Women have lower rates of NAFLD compared with men. However, this protection is lost after menopause and the prevalence of NAFLD in post-menopausal women increases. (DiStefano, 2020) The risk of non-alcoholic fatty liver disease is 2.4 times higher in women post-menopause than pre-menopause. (Jaroenlapnopparat, 2023)
How your diet can support your heart and liver health
A Mediterranean diet has many benefits for health and wellbeing including supporting heart and liver health. This type of diet includes plenty of plant-based foods such as fruits and vegetables, wholegrains, beans, pulses and nuts as well as moderate amounts of dairy and fish, and some meat. The main type of fats in this diet are unsaturated fats (found in olive or rapeseed oil, vegetable spreads, nuts and seeds), as opposed to saturated fats (found in pastries, fried foods, cakes and biscuits). The Mediterranean diet can also help alleviate a number of menopausal symptoms women may experience – something that is covered in the Eating Well for Menopause book. (Wyness & Burns, 2023)
Heart and liver health dietary tips for menopausal women
- Include fibre-providing plant foodsOpting for wholegrains where possible will help increase your fibre as well as provide a variety of B-vitamins and minerals such as magnesium, iron and zinc that are beneficial for heart health. Eating a wide range of plant foods will help support a healthy and diverse gut microbiome. It’s thought that a healthy gut microbiota plays an important role in reducing the risk of fatty liver and heart disease.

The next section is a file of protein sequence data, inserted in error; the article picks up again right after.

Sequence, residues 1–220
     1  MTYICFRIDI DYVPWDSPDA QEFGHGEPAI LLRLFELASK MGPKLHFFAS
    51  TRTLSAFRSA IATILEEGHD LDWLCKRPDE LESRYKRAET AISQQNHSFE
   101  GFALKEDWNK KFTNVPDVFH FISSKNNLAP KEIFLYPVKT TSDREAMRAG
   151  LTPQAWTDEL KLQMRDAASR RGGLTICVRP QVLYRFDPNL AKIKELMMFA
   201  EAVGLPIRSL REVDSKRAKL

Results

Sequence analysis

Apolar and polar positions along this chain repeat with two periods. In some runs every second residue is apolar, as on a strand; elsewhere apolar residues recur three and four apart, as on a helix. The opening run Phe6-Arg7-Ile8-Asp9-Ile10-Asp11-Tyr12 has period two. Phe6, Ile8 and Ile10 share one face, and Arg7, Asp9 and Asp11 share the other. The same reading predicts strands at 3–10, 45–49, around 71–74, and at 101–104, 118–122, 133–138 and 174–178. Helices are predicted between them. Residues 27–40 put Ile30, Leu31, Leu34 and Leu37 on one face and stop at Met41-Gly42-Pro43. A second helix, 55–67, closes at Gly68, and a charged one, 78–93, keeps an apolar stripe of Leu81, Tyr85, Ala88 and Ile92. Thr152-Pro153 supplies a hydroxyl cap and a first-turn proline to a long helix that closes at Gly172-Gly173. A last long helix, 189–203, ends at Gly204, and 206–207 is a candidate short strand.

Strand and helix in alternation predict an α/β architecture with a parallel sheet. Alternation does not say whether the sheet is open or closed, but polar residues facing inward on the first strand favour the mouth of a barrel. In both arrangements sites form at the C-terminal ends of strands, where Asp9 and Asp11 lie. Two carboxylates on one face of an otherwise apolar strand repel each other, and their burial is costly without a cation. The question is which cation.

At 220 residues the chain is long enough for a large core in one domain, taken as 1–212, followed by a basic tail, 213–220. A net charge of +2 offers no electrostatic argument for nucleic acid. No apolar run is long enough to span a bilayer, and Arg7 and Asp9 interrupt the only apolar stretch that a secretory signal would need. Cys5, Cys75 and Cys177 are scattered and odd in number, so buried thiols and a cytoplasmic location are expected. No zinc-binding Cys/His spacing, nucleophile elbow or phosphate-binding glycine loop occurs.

- Include two portions of fish a weekOily fish are a great source of healthy unsaturated fats, particularly omega-3 fatty acids which help maintain normal cholesterol levels and normal heart function. Oily fish are one of the few dietary sources of vitamin D which, as well as supporting bone health, may have a role in heart health. (Wyness and Burns, 2023) Omega-3 fatty acids also seem to be beneficial for liver health and for those who have NAFLD (Wenxia et al. 2016)